Difficult to Deny
Screening early at the Human Rights Watch Film Festival in New York, Susan Youssef’s Habibi is a tragic drama about imprisonment and fatalism. Premiering at the Human Rights Watch Film Festival in New York on 16 June, it puts two young lovers in a place where it’s hard enough for people to live an average, humdrum life, much less one of highly romantic drama: the Palestinian Territories.
Qays (Kais Nashef) and Layla (Maisa Abd Elhadi) fall in love while attending school on the West Bank. Stuck back at home in Gaza, they’re kept apart by Layla’s middle-class parents, who don’t approve of the scruffy, poetry-reciting Qays or Laya’s interest in engineering. They’re determined that Layla marry a dull, thickheaded doctor who is likely to keep her locked away as a baby-producing drone. It’s not the most original brand of conflict, but hardly without promise, particularly when the additional element is introduced of Gaza’s self-appointed moralists who take it upon themselves to ensure the unmarried couple is acting properly.
But even as it seems to have all the elements for a powerful and topical drama, Habibi is afflicted by board-stiff performances, too-obvious screenplay, and general air of artistic immaturity. The script relies too much on clunky happenstance, particularly in a scene where a character is shot at random, supposedly by an Israeli settler (this even though settlers were evicted en masse after Israel’s 2005 withdrawal from Gaza). It also has a penchant for high-school theatrics, including long scrawls of immature poetry and florid declarations (“Let poetry break the Occupation”), instead of an organically developing story.
Just about the only thing that impresses in Habibi is Elhadi. Although she’s far from a seasoned performer, the honest energy with which she emotes her increasingly frantic, pressure-cooker realization that she is living in some seaside prison (between her family and the local Hamas thugs, there’s no shortage of people to tell an unmarried young woman like her what to do) makes more of an impact than all of Qays’ eye-rolling verse.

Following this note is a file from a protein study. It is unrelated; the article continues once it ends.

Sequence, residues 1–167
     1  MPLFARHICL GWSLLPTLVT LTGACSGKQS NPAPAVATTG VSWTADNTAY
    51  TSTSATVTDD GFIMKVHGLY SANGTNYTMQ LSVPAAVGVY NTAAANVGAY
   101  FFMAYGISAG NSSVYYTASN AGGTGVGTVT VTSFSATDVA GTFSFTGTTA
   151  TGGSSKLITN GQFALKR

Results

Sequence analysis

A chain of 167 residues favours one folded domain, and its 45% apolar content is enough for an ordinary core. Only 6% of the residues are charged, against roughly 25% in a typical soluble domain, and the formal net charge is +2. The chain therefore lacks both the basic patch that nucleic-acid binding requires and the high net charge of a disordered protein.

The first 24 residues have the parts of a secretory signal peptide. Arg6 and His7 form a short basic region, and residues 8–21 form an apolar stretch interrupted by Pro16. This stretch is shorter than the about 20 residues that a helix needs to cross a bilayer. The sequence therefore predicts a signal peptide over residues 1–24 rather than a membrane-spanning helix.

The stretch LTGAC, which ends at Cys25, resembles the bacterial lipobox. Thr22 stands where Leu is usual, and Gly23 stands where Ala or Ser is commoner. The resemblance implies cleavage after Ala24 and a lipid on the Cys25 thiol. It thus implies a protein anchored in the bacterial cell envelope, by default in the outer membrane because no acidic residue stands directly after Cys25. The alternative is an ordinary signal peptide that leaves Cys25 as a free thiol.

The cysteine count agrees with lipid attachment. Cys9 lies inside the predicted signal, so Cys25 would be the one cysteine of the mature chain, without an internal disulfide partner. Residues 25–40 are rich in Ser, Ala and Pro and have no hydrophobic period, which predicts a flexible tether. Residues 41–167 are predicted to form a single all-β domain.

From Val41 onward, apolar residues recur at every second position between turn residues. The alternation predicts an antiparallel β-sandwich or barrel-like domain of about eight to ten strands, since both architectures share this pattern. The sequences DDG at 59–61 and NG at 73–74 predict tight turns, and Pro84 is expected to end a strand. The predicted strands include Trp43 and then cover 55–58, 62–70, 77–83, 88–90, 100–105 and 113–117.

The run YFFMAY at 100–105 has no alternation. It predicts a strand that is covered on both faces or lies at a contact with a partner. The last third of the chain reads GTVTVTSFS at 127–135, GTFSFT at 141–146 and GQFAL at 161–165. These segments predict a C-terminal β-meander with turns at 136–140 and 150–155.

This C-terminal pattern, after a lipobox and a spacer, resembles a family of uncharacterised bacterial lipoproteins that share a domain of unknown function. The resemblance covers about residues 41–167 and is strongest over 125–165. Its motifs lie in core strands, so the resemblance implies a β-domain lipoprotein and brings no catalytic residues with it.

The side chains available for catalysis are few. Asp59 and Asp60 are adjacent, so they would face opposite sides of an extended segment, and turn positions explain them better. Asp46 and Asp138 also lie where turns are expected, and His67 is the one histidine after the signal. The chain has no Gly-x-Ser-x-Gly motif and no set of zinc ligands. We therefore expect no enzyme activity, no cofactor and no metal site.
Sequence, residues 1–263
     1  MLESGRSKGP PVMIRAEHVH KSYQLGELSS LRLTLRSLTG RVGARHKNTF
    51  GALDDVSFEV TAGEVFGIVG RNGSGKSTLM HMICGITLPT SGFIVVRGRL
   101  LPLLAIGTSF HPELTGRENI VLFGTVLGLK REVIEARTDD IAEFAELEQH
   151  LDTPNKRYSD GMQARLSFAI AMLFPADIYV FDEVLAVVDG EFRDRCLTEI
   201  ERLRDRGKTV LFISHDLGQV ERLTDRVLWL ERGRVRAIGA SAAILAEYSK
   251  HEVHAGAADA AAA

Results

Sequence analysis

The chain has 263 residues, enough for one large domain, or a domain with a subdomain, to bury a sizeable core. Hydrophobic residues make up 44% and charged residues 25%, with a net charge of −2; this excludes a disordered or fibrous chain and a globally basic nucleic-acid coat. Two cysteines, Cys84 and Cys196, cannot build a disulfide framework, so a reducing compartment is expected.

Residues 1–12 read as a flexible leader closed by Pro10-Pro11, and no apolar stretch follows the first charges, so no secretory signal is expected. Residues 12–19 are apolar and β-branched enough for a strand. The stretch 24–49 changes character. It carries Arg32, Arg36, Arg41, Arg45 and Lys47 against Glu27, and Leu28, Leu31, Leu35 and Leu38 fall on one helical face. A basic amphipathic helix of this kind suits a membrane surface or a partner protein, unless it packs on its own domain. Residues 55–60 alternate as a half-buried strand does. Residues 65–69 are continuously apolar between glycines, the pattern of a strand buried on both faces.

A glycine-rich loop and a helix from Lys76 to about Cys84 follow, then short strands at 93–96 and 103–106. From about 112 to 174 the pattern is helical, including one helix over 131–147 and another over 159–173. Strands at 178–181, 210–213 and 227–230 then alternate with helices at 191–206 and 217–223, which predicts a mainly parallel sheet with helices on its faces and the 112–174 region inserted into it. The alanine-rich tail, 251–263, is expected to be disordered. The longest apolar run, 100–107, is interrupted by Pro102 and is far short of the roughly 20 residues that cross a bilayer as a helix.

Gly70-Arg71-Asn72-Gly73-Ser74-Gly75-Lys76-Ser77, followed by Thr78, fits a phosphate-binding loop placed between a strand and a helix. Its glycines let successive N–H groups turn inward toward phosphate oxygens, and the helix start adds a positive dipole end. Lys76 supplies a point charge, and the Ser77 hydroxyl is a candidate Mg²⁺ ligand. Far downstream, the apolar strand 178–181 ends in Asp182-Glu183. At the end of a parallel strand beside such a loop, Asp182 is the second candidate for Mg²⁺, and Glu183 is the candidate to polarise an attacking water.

Also appearing at the Festival, Kirby Dick’s documentary The Invisible War, is one of those few films one sees in a year that deserve the label “important.” Dick’s output so far has trended more toward the slick and clever (Outrage, This Film Is Not Yet Rated), but this time, instead of zeroing in on one particularly salient and of-the-moment topic, he goes broad and takes in the daunting subject of women in the modern-day American military. More specifically, this film—which 18 June screening will be followed by a discussion with Dick and producer/interviewer Amy Ziering—is about the shocking levels of sexual violence many female service-members are forced to endure, and, equally disturbing, the lack of professional, official recourses they have in the aftermath.
Invisible War (2011)
The numbers are surely alarming. Twenty percent of female veterans have been sexually assaulted. Moreover, 80 percent of sexual assaults in the military go unreported, even according to the Department of Defense. Forty percent of female homeless veterans have been raped. One percent of male service members in the past year were sexually assaulted. It goes on.
The Invisible War makes these figures visible, both by providing particular stories and also, remarkable storytellers. Woman after woman tells of being drugged and assaulted, raped by multiple assailants, raped with loaded .45s held to their heads, raped by their commanding officers, screaming while nobody in the nearby rooms came to their aid, raped and then punished for daring to report it. These stories—along with others provided by advocates and lawyers, wives and husbands, mothers and fathers—lead to the film’s conclusion about the system in place, damning and difficult to deny.
Not only has every branch of the American military failed miserably to adjust to the fact that thousands of women are entering its once all-male bases, but their reactions to the epidemic have been a mixture of soul-numbing bureaucratese and vengeful, self-protective violence. More than one woman says that the worst part of the ordeal wasn’t the assault itself, but the closed loop of denial and ugly retaliation that followed.
Many recent films have excoriated the Pentagon for its laissez-faire attitude towards too many of its soldiers when they’re off the battlefield, and sometimes even while they’re still serving. (The heart-rending Semper Fi: Always Faithful is one of the better examples.) Rarely, though, has there been an exposé like this, with its ranks of beleaguered soldiers trying to make sense of their PTSD-shattered lives and seeing little hope for the future. All of them have been attacked, not by an external enemy on a battlefield, but by a man or men they once considered their brothers.
Habibi (Habibi Rasak Kharban)
The Invisible War